"...look into all things with a searching eye” - Baha'u'llah (Prophet Founder of the Baha'i Faith)


Mar 29, 2013

The Unified Field Theory

In physics, it is a theory that proposes to unify the four known interactions, or forces—the strong, electromagnetic, weak, and gravitational forces—by a simple set of general laws. Four distinct forces are known to control all the observed interactions in matter: gravitation, electromagnetism, the strong force (a short-range force that holds atomic nuclei together), and the weak force (the force responsible for slow nuclear processes, such as beta decay). The attempts to develop a unified field theory are grounded in the belief that all physical phenomena should ultimately be explainable by some underlying unity.

One of the first to attempt the development of such a theory was Albert Einstein, whose work in relativity had led him to the hypothesis that it should be possible to find a unifying theory for the electromagnetic and gravitational forces. Einstein tried unsuccessfully during the last 30 years of his life to develop a theory that would represent forces and material particles by fields only, in which particles would be regions of very high field intensity. The development of quantum theory, which Einstein rejected, and the discovery of many new particles, however, precluded Einstein's success in formulating a unifying theory based on relativity and classical physics alone.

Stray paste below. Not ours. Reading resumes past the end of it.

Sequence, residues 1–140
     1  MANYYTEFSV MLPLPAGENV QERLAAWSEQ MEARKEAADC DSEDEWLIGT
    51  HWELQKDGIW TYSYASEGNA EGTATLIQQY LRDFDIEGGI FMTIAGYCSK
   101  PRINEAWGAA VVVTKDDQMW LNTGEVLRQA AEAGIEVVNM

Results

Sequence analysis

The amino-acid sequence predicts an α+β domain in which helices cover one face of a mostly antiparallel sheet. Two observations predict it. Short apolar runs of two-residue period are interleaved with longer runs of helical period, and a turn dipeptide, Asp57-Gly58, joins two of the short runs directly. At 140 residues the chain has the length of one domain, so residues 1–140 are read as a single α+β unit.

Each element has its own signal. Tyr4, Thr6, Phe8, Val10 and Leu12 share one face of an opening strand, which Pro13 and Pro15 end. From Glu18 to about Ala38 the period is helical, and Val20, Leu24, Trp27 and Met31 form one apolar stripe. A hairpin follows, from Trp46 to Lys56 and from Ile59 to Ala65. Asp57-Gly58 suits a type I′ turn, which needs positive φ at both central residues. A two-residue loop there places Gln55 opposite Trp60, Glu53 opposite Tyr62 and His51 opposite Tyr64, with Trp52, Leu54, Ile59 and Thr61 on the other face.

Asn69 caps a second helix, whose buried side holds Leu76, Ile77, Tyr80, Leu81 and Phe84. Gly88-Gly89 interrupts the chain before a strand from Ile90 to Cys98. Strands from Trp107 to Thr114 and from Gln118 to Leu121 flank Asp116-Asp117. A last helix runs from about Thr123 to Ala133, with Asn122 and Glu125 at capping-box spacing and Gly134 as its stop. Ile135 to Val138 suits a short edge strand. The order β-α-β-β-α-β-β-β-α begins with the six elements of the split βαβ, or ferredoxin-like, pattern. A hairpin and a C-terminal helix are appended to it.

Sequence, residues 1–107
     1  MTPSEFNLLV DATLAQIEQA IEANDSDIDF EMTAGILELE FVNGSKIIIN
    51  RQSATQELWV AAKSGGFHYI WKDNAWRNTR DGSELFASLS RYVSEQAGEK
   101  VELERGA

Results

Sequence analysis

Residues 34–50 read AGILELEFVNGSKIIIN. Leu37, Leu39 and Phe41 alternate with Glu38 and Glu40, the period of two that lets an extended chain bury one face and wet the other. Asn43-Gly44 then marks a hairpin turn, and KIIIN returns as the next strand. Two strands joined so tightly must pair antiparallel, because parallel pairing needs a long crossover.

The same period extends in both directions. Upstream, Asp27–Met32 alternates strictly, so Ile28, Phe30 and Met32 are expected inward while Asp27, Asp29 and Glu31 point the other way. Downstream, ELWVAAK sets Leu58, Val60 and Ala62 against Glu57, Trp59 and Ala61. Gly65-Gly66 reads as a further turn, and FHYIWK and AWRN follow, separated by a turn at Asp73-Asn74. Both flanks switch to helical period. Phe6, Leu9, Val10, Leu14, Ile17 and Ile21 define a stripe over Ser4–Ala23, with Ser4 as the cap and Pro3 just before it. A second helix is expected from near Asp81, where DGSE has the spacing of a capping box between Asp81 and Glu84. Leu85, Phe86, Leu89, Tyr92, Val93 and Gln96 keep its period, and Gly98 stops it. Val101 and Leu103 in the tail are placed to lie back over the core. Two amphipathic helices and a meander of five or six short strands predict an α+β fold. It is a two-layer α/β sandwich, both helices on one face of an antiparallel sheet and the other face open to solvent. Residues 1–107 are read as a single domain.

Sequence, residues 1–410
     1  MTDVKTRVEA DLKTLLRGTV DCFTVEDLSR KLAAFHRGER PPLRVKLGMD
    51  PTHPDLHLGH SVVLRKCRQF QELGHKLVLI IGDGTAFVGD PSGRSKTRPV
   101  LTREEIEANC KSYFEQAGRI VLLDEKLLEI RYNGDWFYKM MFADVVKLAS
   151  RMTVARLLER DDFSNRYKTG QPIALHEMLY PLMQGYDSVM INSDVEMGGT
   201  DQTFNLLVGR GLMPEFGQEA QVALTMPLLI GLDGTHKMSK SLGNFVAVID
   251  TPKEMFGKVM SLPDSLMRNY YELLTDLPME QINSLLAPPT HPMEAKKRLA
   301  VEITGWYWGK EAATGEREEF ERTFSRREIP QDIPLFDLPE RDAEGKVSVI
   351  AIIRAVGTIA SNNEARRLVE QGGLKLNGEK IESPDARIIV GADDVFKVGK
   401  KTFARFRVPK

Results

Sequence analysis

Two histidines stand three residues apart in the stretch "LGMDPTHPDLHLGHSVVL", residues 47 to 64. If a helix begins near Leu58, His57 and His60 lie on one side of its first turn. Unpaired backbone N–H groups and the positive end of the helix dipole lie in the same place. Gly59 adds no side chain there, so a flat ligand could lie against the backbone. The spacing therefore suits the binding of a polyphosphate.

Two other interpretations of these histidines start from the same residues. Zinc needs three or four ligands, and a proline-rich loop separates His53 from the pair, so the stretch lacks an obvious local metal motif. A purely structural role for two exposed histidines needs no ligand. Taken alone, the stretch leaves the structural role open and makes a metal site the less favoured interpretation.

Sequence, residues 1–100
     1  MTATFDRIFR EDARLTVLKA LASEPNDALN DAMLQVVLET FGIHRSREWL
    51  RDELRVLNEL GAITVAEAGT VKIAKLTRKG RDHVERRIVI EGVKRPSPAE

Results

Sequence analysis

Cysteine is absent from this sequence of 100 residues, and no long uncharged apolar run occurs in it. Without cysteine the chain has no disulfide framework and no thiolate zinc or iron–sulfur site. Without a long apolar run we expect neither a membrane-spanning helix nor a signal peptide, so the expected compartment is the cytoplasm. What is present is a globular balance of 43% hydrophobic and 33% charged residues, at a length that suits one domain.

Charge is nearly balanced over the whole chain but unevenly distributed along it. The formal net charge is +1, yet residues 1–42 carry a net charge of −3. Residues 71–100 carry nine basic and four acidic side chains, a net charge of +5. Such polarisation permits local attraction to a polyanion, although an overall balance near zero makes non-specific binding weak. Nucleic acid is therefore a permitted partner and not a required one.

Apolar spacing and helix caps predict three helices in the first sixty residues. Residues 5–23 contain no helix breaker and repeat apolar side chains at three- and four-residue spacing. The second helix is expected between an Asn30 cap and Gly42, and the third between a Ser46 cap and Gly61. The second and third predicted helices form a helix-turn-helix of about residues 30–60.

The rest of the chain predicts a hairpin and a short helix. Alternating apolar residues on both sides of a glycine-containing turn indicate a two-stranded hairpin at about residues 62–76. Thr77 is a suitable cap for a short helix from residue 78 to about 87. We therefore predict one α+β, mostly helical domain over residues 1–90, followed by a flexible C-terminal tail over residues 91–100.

An important advance in this quest was made in 1967-68 by the American physicist Steven Weinberg and the Pakistani physicist Abdus Salam. They succeeded in unifying the weak interaction and the electromagnetic interaction by using a mathematical technique known as gauge symmetry (see Elementary Particles). According to this theory the electromagnetic interaction consists of the exchange of a photon, and the weak interaction of the exchange of W and Z intermediate bosons. These bosons are believed to belong to the same family of particles as the photons. Theoretical physicists are currently attempting to combine this so-called electroweak theory with the strong nuclear force, using symmetry theories; such attempts are known as grand unification theories, or GUTs. The effort also continues to combine all four fundamental interactions, including gravitation, in what are now known as supersymmetry theories. Thus far, however, such attempts have not succeeded, although they are proving useful in current work in cosmology. (Encarta Encyclopedia)